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# Automated, predictive, and interpretable inference of *Caenorhabditis elegans* escape dynamics

Edited by David A. Weitz, Harvard University, Cambridge, MA, and approved February 22, 2019 (received for review September 25, 2018)

## Significance

The cost of an empirical bit in biophysics has fallen dramatically, and high-precision data are now abundant. However, biological systems are notoriously complex, multiscale, and inhomogeneous, so that we often lack intuition for transforming such measurements into theoretical frameworks. Modern machine learning can be used as an aid. Here we apply our *Sir Isaac* platform for automatic inference of a model of the escape response behavior in a roundworm directly from time series data. The automatically constructed model is more accurate than that curated manually, is biophysically interpretable, and makes nontrivial predictions about the system.

## Abstract

The roundworm *Caenorhabditis elegans* exhibits robust escape behavior in response to rapidly rising temperature. The behavior lasts for a few seconds, shows history dependence, involves both sensory and motor systems, and is too complicated to model mechanistically using currently available knowledge. Instead we model the process phenomenologically, and we use the *Sir Isaac* dynamical inference platform to infer the model in a fully automated fashion directly from experimental data. The inferred model requires incorporation of an unobserved dynamical variable and is biologically interpretable. The model makes accurate predictions about the dynamics of the worm behavior, and it can be used to characterize the functional logic of the dynamical system underlying the escape response. This work illustrates the power of modern artificial intelligence to aid in discovery of accurate and interpretable models of complex natural systems.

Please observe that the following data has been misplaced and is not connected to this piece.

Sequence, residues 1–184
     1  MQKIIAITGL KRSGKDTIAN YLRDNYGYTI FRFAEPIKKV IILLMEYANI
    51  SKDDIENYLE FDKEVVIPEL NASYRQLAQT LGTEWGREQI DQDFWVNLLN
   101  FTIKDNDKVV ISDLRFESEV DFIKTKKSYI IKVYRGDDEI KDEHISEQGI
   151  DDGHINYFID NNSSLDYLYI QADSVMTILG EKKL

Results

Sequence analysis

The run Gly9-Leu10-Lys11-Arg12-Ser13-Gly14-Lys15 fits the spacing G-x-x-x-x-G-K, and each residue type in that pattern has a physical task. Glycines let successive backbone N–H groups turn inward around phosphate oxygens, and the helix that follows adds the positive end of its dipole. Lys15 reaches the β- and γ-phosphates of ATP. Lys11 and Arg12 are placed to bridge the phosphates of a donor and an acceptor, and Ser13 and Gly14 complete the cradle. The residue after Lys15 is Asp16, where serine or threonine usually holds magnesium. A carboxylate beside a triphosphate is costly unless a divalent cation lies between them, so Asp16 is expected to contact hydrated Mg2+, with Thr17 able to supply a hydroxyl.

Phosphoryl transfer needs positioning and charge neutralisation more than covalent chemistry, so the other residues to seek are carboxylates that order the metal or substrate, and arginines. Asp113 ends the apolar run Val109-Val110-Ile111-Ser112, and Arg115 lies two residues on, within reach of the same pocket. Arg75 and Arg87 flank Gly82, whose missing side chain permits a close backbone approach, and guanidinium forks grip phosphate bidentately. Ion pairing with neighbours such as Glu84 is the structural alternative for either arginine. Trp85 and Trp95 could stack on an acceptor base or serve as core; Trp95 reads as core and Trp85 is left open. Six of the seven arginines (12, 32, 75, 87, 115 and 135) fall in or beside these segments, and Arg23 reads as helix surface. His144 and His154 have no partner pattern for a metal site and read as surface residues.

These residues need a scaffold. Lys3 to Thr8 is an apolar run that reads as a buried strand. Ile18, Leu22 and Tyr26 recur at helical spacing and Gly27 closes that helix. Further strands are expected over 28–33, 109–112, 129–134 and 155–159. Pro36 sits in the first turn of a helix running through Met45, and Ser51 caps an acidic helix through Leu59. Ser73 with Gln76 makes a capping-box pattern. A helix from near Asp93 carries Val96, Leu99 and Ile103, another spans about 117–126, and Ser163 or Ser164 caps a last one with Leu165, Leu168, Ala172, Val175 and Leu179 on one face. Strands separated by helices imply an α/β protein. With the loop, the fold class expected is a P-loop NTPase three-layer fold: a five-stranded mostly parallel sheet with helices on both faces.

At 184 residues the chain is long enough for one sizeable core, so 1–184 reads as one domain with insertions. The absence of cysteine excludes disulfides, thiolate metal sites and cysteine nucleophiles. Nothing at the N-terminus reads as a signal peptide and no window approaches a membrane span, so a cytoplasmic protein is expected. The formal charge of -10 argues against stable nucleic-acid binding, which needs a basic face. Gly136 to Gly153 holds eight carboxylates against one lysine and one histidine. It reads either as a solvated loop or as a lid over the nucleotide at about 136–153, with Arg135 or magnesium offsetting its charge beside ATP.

The quantitative biology revolution of recent decades has resulted in an unprecedented ability to measure dynamics of complex biological systems in response to perturbations with the accuracy previously reserved for inanimate, physical systems. For example, the entire escape behavior of a roundworm *Caenorhabditis elegans* in response to a noxious temperature stimulus can be measured for many seconds in hundreds of worms (1, 2). At the same time, theoretical understanding of such living dynamical systems has lagged behind, largely because, in the absence of symmetries, averaging, and small parameters to guide our intuition, building mathematical models of such complex biological processes has remained a very delicate art. Recent years have shown the emergence of automated modeling approaches, which use modern machine-learning methods to automatically infer the dynamical laws underlying a studied experimental system and predict its future dynamics (3⇓⇓⇓⇓⇓⇓⇓⇓⇓⇓–14). However, arguably, these methods have not yet been applied to any real experimental data with dynamics of a priori unknown structure to produce interpretable dynamical representations of the system. Thus, their ability to build not just statistical but physical models of data (15) which are interpretable by humans, answer interesting scientific questions, and guide future discovery remains unclear.